We revise higher our year-end inflation forecast. After recent dynamics and today’s figure, we adjust our year-end inflation forecast to 4.7% y/y from 3.7% (see chart below, left). Moreover, we also revise higher our core inflation estimate, to 3.7% from 3.1% previously. This is based on several drivers, highlighting: (1) Upward surprises in inflation prints during 1Q21 relative to our previous estimates, mainly because of higher energy prices, albeit also in meat and egg, and other goods within the core (+45bps, see chart below, right); (2) lower than expected slack in the economy at the margin, along recent supply chain disruptions that are pressuring input costs for firms, contributing an additional 27bps; (3) expectations of additional increases in energy prices, boosted by higher global growth (e.g. reflation trade), adding 21bps; and (4) some passthrough effect from the latter to other components, mainly to non-tourism services excluding housing and education (e.g. dining away from home and restaurants), with +11bps.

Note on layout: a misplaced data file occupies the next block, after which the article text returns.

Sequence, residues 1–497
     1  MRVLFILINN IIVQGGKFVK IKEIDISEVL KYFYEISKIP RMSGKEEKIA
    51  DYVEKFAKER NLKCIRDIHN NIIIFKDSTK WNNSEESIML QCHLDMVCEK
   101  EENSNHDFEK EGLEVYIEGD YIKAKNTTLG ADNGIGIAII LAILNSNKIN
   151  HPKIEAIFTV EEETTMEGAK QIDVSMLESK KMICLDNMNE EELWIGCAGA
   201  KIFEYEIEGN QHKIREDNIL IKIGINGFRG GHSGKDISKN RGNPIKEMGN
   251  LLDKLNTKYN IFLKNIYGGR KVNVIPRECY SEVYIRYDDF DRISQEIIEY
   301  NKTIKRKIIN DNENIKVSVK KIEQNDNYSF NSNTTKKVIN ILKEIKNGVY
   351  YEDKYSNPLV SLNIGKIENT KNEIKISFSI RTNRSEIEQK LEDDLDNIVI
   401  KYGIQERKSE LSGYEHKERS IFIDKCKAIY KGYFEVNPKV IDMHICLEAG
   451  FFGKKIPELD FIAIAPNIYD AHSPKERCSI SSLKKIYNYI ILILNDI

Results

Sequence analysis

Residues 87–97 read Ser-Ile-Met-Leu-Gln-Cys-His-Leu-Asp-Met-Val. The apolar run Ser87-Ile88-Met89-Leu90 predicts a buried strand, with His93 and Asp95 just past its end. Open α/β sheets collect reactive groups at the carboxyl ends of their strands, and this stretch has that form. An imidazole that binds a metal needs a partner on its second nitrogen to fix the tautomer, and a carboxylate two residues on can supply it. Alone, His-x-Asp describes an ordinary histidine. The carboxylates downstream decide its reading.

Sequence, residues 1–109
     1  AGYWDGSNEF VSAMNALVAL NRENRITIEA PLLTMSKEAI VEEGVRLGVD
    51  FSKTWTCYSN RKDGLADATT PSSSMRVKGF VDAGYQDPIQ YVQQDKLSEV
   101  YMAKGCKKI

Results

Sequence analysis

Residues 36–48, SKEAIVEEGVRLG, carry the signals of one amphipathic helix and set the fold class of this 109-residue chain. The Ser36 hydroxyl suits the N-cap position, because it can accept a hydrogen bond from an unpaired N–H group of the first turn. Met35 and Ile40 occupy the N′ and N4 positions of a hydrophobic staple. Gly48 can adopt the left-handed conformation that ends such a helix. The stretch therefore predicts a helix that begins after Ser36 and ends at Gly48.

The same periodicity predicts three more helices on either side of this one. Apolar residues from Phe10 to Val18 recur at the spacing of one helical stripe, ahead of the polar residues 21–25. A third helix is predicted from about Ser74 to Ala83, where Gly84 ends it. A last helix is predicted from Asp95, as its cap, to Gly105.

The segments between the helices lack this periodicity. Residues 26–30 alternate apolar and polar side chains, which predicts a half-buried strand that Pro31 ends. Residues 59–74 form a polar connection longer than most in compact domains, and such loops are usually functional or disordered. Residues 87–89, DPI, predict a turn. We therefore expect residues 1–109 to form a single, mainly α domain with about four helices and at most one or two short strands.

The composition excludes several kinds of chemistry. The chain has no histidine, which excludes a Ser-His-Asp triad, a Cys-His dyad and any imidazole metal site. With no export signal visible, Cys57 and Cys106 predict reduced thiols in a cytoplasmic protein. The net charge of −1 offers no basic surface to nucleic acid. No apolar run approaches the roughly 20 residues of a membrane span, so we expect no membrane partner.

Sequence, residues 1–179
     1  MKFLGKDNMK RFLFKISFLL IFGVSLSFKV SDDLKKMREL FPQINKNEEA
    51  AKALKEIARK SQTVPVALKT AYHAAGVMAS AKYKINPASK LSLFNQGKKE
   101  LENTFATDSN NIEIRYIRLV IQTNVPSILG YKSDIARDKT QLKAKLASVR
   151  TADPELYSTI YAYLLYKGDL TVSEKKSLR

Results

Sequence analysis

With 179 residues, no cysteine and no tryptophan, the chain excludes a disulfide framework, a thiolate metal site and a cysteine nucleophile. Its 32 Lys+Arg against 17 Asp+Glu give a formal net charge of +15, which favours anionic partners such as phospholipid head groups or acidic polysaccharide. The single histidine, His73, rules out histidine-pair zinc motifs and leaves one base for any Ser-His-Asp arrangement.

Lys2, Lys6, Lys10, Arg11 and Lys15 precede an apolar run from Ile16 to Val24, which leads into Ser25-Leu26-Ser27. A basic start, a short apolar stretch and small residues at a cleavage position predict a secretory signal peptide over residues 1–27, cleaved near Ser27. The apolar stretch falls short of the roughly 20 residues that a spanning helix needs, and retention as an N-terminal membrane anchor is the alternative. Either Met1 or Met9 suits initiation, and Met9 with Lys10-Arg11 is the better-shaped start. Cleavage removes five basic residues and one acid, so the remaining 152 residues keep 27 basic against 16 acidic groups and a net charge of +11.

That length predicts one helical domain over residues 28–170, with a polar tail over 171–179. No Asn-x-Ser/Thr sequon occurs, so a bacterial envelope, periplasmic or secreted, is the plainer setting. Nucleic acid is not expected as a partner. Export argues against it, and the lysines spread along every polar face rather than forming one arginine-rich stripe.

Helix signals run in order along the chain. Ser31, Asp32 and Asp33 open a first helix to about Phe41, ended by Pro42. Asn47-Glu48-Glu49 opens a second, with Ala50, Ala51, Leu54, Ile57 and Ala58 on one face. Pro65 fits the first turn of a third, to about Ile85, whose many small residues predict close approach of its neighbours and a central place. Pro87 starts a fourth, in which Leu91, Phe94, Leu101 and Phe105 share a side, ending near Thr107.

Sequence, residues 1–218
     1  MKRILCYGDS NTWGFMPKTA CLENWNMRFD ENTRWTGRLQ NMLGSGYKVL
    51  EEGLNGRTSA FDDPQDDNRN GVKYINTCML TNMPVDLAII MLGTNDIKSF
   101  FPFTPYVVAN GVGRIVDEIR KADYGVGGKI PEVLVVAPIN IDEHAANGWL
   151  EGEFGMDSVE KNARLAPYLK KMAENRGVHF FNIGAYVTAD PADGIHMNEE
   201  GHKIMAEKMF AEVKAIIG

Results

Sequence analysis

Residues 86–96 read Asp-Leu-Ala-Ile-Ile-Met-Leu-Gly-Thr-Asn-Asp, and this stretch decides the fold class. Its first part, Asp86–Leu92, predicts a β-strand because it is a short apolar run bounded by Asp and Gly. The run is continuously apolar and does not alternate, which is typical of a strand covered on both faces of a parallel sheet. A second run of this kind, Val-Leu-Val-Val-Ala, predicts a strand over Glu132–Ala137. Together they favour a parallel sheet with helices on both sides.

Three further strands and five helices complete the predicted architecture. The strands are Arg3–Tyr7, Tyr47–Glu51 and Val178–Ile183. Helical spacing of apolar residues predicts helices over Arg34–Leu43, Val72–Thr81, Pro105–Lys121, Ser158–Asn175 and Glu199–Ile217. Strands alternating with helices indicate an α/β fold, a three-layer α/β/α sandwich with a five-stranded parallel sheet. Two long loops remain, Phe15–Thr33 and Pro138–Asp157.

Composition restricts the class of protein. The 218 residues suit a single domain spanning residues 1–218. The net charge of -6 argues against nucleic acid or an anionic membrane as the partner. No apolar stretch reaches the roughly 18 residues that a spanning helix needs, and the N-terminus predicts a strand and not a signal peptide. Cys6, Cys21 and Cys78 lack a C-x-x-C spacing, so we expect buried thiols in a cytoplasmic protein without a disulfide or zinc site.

Consumer prices accelerated in March, up 0.83% m/m. This was in line with consensus and our estimate. Pressures were seen since the first fortnight and continued in the second half. The core stood at 0.54%, also broadly in line with expectations. Goods picked up 0.6%, highlighting corn tortillas (2.9%) within processed foods, while others were also relatively high, both up 0.6%. Services increased 0.5%, with airfares (33.1%) and tourism-related (9.4%) higher again at the margin on the effect from the Easter holiday. Education and housing remain muted. At the non-core, energy prices strengthened 2.8%, with LP gas (5.2%) and low- (2.1%) and high-grade gasoline (6.0%) with further upward moves in the second fortnight, albeit more modest as the market normalizes and subsidies to excise taxes increased. We also highlight agricultural goods (1.3%), with an extension up in meat and egg (1.9%) and a more modest 0.5% in fresh fruits and vegetables.